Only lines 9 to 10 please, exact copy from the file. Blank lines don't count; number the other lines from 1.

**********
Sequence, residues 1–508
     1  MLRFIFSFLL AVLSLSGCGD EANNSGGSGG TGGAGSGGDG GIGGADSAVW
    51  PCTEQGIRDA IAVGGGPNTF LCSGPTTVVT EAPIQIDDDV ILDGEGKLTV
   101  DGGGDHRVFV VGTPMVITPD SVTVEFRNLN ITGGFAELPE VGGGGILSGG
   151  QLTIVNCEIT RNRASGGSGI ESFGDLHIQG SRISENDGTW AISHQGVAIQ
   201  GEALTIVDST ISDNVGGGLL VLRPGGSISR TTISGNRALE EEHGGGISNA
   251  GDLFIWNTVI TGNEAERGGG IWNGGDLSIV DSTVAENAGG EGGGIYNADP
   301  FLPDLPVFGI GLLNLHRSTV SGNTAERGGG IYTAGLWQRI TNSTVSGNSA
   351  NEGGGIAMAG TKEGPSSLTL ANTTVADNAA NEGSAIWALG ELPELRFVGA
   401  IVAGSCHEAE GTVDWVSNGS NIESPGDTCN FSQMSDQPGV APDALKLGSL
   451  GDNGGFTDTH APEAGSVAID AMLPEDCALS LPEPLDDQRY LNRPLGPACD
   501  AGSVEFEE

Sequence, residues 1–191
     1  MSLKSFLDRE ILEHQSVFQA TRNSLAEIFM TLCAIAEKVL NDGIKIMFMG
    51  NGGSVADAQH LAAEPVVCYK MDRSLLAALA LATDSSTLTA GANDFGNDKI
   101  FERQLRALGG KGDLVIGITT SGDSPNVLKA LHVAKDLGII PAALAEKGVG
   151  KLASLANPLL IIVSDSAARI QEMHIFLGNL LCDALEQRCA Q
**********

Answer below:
   351  NEGGGIAMAG TKEGPSSLTL ANTTVADNAA NEGSAIWALG ELPELRFVGA
   401  IVAGSCHEAE GTVDWVSNGS NIESPGDTCN FSQMSDQPGV APDALKLGSL